Anonymous Doesn’t Count

The age of anonymity is upon us. We lurk on the internet; we can be anybody or nobody. But the anonymity of the internet is not about privacy, it’s about cruelty.

Without having to identify ourselves, we can become emotional snipers. Under the guise of privacy, we become cruel, even vicious. If you have never experienced this, read any Yahoo “news” account, then read the comments. They vary from mildly hurtful to hate speech.

Anon-cruel

“Because none of us are are cruel as all of us.”

When I hand out evaluation blanks in my writing classes, the question always floats up, “Do we have to sign our name?” Well, why not? Have a complaint? Let me know and sign your name. Tell me your truth. Write in a conversational tone. Tell me what didn’t work for you. I can’t be the perfect instructor for everyone, and I’m always interested in hearing an opinion that helps improve the class. I’ve learned from many an eval.

I have no power of reprisal in your company. I am an outsider, a freelancer.

A signed comment makes you an adult with a comment worth reading. When I hear, “We can’t be honest unless it’s anonymous,” I wonder what kind of honesty requires anonymity. What kind of remark would you not say to my face but would be happy to repeat behind my back? Nothing helpful.

I’ve written my share of complaint letters, and I’ve signed every one of them. Adding my name made me careful of grammar, clarity, and asking for what I want. More often than not, I get what I asked for. Without a name, how will the person know how to respond, or to whom?

Be proud of your opinions. They are your experiences. They are your truth. But the word whispered behind the hand, the emotional sniper with venom and anger–that’s not something I’m going to care about or do anything about.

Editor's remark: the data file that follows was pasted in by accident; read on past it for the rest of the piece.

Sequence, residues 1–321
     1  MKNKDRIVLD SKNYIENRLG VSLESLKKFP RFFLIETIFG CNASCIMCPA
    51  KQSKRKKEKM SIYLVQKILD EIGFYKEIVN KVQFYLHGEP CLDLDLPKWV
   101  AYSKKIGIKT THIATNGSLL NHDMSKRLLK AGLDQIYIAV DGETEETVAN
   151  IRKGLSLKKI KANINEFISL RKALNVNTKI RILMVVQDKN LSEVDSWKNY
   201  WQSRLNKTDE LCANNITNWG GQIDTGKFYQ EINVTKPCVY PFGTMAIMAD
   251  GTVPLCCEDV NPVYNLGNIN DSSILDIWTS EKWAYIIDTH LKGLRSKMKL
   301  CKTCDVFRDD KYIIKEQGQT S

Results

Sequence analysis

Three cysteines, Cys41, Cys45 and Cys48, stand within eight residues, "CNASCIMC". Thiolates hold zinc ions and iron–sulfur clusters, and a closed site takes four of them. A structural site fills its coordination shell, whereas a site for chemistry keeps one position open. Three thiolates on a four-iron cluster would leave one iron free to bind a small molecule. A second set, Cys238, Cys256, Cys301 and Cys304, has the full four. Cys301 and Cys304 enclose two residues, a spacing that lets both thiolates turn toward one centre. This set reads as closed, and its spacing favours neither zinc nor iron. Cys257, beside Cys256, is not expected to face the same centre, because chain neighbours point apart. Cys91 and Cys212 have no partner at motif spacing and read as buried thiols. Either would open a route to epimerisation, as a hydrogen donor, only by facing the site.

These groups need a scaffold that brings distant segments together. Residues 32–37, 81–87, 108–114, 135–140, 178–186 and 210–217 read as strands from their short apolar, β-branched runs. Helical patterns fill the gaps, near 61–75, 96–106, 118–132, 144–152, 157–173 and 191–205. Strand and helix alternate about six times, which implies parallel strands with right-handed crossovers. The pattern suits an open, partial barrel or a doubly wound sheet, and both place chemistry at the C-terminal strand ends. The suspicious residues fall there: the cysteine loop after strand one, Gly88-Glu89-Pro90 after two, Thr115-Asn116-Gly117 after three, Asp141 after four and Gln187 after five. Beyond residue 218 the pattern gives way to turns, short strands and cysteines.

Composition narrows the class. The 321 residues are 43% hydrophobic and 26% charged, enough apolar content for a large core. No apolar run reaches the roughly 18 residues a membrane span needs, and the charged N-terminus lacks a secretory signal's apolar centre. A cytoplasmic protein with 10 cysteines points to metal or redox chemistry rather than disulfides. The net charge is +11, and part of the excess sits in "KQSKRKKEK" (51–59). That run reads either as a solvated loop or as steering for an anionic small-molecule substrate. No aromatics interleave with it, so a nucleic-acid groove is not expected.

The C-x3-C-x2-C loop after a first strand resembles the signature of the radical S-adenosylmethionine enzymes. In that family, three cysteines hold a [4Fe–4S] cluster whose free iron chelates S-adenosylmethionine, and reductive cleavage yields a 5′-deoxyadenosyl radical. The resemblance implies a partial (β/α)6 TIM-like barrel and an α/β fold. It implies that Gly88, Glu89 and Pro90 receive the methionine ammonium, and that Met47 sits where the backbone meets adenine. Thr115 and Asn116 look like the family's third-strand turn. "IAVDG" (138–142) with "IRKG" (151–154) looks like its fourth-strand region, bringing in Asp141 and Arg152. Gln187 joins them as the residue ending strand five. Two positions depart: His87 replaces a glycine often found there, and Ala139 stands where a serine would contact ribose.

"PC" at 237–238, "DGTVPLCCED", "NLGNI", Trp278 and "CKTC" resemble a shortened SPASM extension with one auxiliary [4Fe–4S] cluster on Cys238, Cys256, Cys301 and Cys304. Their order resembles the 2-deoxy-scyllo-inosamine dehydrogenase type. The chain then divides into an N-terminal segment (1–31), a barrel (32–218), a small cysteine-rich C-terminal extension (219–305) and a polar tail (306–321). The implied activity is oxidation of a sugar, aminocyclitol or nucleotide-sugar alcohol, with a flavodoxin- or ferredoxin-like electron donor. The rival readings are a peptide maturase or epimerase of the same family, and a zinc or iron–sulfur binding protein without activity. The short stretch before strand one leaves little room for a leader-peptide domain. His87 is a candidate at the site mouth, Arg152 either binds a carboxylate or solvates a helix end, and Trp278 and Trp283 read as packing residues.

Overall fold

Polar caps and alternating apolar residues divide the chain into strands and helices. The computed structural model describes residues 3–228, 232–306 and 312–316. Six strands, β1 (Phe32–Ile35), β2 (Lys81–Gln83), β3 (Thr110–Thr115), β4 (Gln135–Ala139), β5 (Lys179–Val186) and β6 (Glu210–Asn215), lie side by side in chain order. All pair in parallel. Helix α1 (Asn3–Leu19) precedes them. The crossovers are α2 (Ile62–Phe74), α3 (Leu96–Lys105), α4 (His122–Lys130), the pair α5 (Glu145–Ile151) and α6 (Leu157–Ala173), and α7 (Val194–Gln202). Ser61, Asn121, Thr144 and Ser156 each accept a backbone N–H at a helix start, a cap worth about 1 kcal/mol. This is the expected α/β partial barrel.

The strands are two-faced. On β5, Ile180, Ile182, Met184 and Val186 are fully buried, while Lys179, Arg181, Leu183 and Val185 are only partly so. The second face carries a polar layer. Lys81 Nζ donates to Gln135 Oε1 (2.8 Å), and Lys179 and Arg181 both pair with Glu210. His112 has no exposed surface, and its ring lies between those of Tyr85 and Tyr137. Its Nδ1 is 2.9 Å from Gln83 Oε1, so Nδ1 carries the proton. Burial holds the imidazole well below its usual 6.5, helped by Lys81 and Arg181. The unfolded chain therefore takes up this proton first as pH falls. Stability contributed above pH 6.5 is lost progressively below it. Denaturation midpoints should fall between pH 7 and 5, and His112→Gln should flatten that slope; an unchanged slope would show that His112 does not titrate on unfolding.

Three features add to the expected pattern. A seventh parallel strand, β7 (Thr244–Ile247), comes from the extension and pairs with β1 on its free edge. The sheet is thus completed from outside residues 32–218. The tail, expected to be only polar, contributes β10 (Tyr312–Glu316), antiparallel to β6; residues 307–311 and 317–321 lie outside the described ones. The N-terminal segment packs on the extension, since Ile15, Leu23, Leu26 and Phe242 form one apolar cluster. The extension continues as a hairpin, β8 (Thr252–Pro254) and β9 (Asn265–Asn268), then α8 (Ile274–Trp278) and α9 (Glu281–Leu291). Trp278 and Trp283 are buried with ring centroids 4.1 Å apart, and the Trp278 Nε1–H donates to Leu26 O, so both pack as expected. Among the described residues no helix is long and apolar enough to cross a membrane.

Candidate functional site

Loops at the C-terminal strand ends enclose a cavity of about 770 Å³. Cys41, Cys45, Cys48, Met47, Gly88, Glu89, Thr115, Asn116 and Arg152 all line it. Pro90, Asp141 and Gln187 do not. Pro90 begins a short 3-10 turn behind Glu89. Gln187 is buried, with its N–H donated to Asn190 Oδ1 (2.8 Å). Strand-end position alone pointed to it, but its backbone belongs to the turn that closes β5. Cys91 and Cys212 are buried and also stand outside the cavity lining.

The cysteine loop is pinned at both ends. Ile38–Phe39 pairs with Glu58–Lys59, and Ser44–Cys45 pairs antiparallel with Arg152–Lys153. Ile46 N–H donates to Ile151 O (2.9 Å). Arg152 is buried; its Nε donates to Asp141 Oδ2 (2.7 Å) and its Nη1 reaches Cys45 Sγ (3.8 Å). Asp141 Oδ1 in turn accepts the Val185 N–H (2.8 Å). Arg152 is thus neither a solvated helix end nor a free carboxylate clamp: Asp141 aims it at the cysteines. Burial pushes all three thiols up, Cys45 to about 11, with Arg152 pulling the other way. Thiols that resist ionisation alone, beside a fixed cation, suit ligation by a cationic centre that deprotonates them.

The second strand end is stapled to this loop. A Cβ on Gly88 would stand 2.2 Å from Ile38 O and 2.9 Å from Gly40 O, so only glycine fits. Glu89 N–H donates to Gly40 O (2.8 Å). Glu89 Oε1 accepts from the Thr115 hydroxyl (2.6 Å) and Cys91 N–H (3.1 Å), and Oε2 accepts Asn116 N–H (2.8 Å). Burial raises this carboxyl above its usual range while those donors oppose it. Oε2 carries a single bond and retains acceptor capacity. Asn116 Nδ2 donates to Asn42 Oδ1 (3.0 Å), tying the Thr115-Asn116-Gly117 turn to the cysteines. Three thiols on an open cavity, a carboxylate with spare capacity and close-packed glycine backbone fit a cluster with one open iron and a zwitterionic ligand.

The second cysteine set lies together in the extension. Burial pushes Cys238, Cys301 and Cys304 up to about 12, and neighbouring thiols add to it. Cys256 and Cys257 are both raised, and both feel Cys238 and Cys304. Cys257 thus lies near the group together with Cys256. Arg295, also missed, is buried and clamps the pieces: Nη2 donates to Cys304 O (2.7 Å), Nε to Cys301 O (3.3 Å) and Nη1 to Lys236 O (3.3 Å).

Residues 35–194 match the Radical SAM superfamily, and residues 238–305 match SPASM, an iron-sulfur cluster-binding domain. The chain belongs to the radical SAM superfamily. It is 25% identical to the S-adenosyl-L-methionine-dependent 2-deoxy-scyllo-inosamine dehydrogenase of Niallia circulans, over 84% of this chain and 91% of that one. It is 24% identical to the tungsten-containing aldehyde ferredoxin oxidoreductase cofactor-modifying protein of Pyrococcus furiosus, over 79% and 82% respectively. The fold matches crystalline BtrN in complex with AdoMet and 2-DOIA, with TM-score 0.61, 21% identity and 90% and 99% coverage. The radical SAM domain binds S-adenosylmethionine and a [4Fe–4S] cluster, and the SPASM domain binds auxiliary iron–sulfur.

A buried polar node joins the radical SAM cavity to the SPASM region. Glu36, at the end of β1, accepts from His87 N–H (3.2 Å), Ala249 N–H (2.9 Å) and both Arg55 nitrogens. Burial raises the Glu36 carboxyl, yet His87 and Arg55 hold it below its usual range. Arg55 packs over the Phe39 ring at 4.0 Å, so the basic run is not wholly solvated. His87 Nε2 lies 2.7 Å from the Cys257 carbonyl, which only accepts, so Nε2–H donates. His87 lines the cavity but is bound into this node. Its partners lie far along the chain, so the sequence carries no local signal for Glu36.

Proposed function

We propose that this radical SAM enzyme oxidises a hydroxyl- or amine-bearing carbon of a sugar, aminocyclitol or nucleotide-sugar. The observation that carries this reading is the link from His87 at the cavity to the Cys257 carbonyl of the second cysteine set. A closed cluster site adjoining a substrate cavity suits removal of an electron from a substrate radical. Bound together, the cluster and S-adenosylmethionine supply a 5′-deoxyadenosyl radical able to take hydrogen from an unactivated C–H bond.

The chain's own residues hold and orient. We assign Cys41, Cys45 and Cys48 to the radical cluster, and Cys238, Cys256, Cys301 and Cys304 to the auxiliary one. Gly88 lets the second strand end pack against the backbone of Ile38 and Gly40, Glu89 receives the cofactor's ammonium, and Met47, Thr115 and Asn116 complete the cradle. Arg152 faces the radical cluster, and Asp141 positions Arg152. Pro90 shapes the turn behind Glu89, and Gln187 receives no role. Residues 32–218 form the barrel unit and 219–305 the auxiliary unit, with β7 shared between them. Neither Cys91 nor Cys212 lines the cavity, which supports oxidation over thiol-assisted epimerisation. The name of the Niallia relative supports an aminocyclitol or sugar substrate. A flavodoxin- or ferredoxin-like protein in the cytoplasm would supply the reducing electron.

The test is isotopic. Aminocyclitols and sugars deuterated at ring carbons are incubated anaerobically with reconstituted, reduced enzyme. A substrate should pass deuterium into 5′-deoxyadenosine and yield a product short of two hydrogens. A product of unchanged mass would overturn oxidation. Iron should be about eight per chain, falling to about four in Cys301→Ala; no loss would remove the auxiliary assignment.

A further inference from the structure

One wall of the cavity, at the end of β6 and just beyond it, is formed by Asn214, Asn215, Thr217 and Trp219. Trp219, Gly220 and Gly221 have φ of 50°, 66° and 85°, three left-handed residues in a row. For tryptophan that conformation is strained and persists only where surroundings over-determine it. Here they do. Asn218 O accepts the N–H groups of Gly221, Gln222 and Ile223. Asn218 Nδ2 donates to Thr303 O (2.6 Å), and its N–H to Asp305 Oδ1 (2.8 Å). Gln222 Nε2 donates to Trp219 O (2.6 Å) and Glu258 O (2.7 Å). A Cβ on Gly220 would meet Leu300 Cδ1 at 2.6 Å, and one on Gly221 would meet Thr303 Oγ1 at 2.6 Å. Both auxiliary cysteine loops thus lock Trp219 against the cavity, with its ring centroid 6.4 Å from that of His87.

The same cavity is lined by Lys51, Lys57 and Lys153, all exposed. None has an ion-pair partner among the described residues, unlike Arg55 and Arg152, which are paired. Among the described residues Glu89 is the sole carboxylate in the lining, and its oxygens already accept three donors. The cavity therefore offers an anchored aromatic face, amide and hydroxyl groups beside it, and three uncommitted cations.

Take a stand for your own character. You’ll be surprised at how good it feels.

—Quinn McDonald can offer more help if she knows who to offer it to.

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14 thoughts on “Anonymous Doesn’t Count

  1. gypsumoon and Quinn,

    I love that quote! I dread confrontation, but this will help bolster my efforts, I think.

    On evals: sometimes the smallest sort of suggestion can help make a presentation much more compelling, and often presenters simply haven’t considered them. There’s usually a way to make your point when necessary without being offensive.

  2. I’ve been taken to task for forwarding quotes or comments on facebook that I agree with, but some of my friends do not. They complain of negativity, but the negativity I hear comes from the other side. I do use the ability to send to groups, but I have become lax as time narrows until the election. But it bothers me. It’s time to take a stand. I’ll blog about it!

  3. AMEN TO THAT! I had a complaint about my most expensive Bernina sewing machine and could get no resolution from the local dealer, so I wrote the president in Switzerland. Pretty fast response from their American head office!! sometimes (pretty much always) one needs to stand up and be counted

  4. Making anonymous comments is not helpful. It’s like arguing without resolution or compromise in mind. Very selfish. Unfortunately it’s a trend I’m seeing in today’s world. “All about me.” And the payback is erroneous. It’s a false sense of pride at someone else’s expense.
    You’re right, Quinn when you say that anonymous comments tend to be more about gouging and chipping away at someone or something than intentional and helpful observations. It’s very petty and goes nowhere.

  5. I totally agree Quinn, what do the ‘ anonymous’ fear? Indeed, be proud of yourself and there is nothing wrong about telling what YOU think. The words honesty, authenticity and inner power come up in my mind……

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